These errors come from raters tendency to use only a small part of the rating scale. There are 3 forms of distributional errors:
Central tendency
Some raters tend to be overly generous with giving positive ratings to avoid conflict and confrontation.
Some raters tend to be overly critical of performance and accordingly are deemed unfair when compared with other raters
Central Tendency
Some raters tend to rate every employee as average to avoid conflict and confrontation.
Halo Effect
These errors occur when managers rate employees high or low on all evaluation criteria, without distinguishing between different aspects of the employees work. Such evaluations may be overly critical or overly generous.
Personal bias
These errors arise because of some raters tendency to rate an employee higher or lower than deserved because of the raters personal like or dislike of the employee.
Similar to me bias
These errors occur when some raters judge those who are similar to them more highly than those who are not like them. Research shows that this bias is strongest when a manager and an employee share demographic characteristics, such as race and age group
Contrast effect
These errors occur when raters compare employees with each other rather than use objective standards for job performance.
Manager training
The most important strategy for overcoming rating errors. It increases managers familiarity with various rating scales and the specific level of performance associated with different points on the scales
Reasons Managers May Inflate an Appraisal
-to maximize merit increases for an employee, particularly when the merit ceiling is considered low
-to avoid hanging dirty laundry out in public(in case the appraisal information is viewed by outsiders)
-to avoid creating a written record of poor performance that would become a permanent part of the individuals personnel file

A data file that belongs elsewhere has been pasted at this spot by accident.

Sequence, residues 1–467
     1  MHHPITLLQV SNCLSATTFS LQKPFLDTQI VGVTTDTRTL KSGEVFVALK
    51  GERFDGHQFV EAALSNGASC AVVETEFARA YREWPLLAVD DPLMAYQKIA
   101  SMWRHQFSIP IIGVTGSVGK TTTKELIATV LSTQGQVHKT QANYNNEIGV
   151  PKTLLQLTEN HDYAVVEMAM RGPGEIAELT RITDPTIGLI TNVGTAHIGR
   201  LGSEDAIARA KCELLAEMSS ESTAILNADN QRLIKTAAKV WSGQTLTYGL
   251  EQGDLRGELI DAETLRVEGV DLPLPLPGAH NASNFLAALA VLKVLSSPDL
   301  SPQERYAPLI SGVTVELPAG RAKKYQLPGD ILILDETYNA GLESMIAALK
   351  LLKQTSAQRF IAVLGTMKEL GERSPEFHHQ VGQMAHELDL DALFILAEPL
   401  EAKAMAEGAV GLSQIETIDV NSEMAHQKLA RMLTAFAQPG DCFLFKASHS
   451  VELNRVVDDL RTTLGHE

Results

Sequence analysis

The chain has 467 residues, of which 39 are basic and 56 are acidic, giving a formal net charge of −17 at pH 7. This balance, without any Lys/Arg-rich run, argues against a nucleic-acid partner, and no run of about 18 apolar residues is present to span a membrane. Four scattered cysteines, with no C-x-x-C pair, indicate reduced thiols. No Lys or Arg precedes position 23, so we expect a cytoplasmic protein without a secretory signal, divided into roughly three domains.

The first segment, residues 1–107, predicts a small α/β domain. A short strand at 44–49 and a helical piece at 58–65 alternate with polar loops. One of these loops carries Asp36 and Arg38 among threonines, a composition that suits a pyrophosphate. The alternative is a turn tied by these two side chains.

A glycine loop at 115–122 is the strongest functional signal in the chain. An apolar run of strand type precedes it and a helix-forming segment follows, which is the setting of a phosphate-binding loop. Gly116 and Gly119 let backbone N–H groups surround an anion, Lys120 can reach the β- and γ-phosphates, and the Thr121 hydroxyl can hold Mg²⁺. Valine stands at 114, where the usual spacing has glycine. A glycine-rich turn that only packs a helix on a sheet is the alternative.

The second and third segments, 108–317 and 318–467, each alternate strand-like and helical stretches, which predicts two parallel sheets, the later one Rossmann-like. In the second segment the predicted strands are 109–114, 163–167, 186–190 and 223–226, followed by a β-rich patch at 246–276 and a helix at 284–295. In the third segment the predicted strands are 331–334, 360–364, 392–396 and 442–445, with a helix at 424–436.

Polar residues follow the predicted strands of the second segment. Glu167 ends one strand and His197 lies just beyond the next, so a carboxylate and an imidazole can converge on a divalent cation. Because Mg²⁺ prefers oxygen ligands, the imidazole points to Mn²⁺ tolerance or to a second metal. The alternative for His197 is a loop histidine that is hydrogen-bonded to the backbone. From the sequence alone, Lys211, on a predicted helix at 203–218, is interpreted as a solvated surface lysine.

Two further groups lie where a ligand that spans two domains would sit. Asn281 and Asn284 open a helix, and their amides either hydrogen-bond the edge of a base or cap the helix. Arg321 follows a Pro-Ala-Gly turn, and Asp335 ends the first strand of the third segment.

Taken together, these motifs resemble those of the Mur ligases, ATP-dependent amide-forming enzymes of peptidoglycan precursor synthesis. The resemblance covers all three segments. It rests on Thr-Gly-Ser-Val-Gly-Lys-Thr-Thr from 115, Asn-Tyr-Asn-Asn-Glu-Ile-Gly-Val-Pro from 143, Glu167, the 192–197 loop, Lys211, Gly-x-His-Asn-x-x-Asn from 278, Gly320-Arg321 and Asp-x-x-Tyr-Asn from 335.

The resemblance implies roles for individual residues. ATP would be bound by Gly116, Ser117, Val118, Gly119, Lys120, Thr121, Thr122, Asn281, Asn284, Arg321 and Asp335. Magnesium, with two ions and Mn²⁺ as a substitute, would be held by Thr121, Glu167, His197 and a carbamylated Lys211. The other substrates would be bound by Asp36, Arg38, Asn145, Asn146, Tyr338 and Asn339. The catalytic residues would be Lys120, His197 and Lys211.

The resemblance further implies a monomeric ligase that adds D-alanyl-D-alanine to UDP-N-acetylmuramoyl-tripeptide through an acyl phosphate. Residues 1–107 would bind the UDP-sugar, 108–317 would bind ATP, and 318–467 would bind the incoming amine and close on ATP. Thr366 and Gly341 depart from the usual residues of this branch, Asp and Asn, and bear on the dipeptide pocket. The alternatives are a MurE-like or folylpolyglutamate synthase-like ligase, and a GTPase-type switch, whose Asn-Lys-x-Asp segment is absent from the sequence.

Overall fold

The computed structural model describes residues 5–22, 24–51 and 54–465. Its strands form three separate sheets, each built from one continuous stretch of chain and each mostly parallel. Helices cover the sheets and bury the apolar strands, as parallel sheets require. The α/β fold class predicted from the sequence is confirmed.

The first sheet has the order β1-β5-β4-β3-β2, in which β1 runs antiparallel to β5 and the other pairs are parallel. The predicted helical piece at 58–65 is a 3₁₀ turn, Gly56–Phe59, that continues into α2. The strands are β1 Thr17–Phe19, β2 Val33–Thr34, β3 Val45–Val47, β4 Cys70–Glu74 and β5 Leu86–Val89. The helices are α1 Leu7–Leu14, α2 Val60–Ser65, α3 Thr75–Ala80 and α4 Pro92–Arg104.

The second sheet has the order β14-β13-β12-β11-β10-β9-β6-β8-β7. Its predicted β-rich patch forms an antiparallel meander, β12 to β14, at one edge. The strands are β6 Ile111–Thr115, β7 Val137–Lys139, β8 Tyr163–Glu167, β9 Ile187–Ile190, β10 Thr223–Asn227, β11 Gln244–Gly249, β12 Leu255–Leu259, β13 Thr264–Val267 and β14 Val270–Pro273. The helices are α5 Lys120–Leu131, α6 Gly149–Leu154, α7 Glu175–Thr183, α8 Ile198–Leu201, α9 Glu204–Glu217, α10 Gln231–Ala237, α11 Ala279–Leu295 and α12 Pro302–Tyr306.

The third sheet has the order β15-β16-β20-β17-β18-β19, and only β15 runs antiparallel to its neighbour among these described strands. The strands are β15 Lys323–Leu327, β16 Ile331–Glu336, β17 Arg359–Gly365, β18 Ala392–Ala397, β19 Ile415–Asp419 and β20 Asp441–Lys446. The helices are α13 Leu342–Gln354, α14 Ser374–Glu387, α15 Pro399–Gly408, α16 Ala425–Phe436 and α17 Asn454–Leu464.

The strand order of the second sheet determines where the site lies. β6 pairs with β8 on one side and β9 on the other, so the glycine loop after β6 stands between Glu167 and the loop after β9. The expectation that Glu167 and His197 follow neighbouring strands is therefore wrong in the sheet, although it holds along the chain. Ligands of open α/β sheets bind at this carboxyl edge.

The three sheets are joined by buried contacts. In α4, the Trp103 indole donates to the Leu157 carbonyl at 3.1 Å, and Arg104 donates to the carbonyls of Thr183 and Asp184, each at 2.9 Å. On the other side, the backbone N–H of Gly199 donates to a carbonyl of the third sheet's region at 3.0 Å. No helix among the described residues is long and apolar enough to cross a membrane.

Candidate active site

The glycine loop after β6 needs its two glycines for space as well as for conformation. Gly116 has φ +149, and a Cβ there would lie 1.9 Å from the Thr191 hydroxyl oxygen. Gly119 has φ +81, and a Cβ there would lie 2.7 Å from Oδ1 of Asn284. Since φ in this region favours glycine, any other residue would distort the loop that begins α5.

-to give a break to a subordinate who has shown improvements
-to promote an undesirable employee “up & out” of the organization
Reasons Managers May Deflate an Appraisal
-to shock an employee into higher performance
-to teach a rebellious employee a lesson
-to send a message to an employee suggesting he should think about leaving the organization
-to build a strongly documented record of poor performance that may speed up the termination process
Conducting Effective Performance Management Interviews
Has historically focused on evaluation or measurement aspects, relatively little attention has been given to its improvements aspects-and as noted earlier, the ultimate objective of performance management is to improve employee performance
Smart Goals
Critical to achieving performance improvement is the setting of effective goals. Many managers use the SMART acronym as a guide.
Goals should be:
10 techniques can help make a performance evaluation valuable.
1–conduct appraisals and provide feedback on an ongoing basis.
2–evaluate the frequency of formal performance appraisal
3–prepare for the performance appraisal
4–use multiple sources of information
5–encourage employee participation
6–focus on future performance and problem solving
7–focus on employee behavior and results, not personal traits
8–reinforce positive performance
9–ensure that performance management is supported by senior managers
10–plan follow up activities and pay attention to outcomes and timetables